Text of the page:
When you look at the animals made by Madame Craig, they look back with inquisitive eyes. We wonder if it is an expression their creator, Rachel Craig, sees a lot in her pupils at the Steiner School where she teaches. They are made with humour, imagination and a lightness of touch. We wanted to know more about Rachel and the Waldorf education which first led her to needle-felting and her creature creations…
Bonjour Madame Craig. Can you tell us a little bit about yourself?
Bonjour! I am Rachel, and I was brought up in the French town of Annemasse which is on the French/Swiss border. I moved to the UK to study at the Chelsea College of Art and graduated with a degree in interior design. This led me into a career in architecture and from there I progressed to working in 3D modelling – developing the architects’ plans to present visualisations of how buildings would look when they were completed. At the time this was a new technique and it was very exciting. After starting a family and researching the choices of education for my children I became interested in the Waldorf education system the Steiner School offered. I was attracted by its emphasis on the arts and music and thought it would encourage and inspire my children. It also inspired me, so much so that I undertook their teacher training course and I am now a teacher at the Edinburgh Steiner School.
How did you become interested in wool felting?
It was during my teacher training course that I had my first experience of crafting with wool, and it instantly captured both my imagination and my senses. I threw myself into the technique, learning from books and videos. The Waldorf education has a strong connection to the festivals and seasons, which inspired me to make figures that followed this; angels, gnomes, shepherds and a range of animals were among my early creations. I was also very to keen to experiment with wet felting techniques, which is how I create the table mats and scarves that you can see in my shop. I love working with natural materials and the wide variety of possibilities that wool presents.
You were born in France. Do you think that influences what you make?
As I have lived in Scotland for nearly 20 years now I feel this country is a stronger influence on what I do. Wool is the fabric that I associate most strongly with and we certainly have a plentiful supply here! While it can be a little chilly at times, I love the depth and contrast of the colours in nature as the seasons change – I find that very inspiring. While I still love to spend time in France in the summer I am drawn to the more vintage side of design there. My family (especially me!) love to spend time in brocantes. My favourite one is situated in a little village called Issy Jacques in the Dordogne where we spend every summer. Every Sunday, there is a market there selling antique clothes, plates and furniture. My favourite café ‘Le Shabby Chic’ is there too.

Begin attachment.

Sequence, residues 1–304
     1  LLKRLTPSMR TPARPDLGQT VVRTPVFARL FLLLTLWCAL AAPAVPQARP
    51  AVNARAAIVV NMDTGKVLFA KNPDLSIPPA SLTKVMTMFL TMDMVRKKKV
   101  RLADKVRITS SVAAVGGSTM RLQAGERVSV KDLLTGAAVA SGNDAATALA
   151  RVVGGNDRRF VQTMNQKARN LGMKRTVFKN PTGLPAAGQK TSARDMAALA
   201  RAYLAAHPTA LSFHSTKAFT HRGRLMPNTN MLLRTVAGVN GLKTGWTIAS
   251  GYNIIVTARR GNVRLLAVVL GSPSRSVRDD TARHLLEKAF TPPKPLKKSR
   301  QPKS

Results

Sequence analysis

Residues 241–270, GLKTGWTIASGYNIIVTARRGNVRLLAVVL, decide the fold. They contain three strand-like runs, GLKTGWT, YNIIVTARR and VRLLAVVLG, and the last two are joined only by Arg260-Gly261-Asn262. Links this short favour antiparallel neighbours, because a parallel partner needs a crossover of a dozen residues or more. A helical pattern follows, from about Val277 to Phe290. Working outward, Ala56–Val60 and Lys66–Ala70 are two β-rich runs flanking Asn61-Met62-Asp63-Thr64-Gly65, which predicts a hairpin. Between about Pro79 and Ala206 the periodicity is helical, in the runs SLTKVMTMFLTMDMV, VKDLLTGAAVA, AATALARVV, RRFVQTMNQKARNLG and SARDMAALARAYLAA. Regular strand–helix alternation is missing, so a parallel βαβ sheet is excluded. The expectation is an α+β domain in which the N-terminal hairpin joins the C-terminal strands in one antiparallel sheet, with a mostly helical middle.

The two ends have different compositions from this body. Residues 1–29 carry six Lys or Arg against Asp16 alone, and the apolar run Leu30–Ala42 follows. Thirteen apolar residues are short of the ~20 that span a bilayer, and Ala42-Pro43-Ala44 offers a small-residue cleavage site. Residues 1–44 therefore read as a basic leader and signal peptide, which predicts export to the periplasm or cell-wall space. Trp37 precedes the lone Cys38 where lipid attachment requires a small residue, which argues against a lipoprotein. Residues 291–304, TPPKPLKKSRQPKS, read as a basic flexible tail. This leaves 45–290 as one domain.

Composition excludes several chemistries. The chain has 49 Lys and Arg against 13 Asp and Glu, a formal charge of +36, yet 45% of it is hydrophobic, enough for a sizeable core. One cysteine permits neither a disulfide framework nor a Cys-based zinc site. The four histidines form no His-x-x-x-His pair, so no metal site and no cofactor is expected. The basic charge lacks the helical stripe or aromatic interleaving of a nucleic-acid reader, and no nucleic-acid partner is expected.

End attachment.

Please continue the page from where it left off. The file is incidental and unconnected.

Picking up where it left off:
Do you ever imagine the stories of your animals and characters as you make them?
I enjoy creating the characters and the little stories that go with them. I like to think they will capture the imagination of those who receive them and that they will develop the story. Of course, as each one is individual they all have their own little individual characteristics and I’m always a little sad to see them go.
You teach in a Waldorf school. Can you explain Waldorf ethos?
The Waldorf education is based on the philosophy of Rudolf Steiner and was established in the early 1900s. It is based on the development of the child into three main stages, each lasting around seven years. The early years when the child is in Kindergarten seek to encourage practical, hands-on activities and environments that encourage creative play and the use of imagination. As the child enters lower school at the age of seven, the emphasis turns to encouraging artistic expression and also their social capabilities. At the age of 14 the focus turns to developing a more critical understanding of both their environment and the topics they study. All of this is underpinned by the use of imagination, something which is very close to my own attitude. I am always amazed by how well-rounded the students are by the time they leave the school, and also well prepared they are for adult life.
How important do you think it is to have creativity in education and in life?
To me, this is very important. It’s something I believe has become a little lost in recent times, and it should valued and nourished.
Have you always been a maker?
Perhaps not a ‘maker’, although my previous career did give me the opportunity to be creative, which I still am although perhaps now on a slightly smaller scale! I have always had the urge to create.
Can you describe your workspace?
I craft at home. I don’t have a studio yet… maybe one day! I work in the sitting room as I like to be at the heart of the home, surrounded by my family life, my tools and materials and other bits and pieces.
Is your house a very creative space?
Yes, our home is a creative place. I like to decorate with the seasons in mind, and my figures are usually at the centre of any displays.
Finally, we’re a bit worried about where Fox is taking Chick. Can you please reassure us it’s somewhere nice and not an oven…
Don’t worry about Mr. Fox. He has a wickedness for chocolate and he’s merely taking Chick to help him finding some Easter eggs…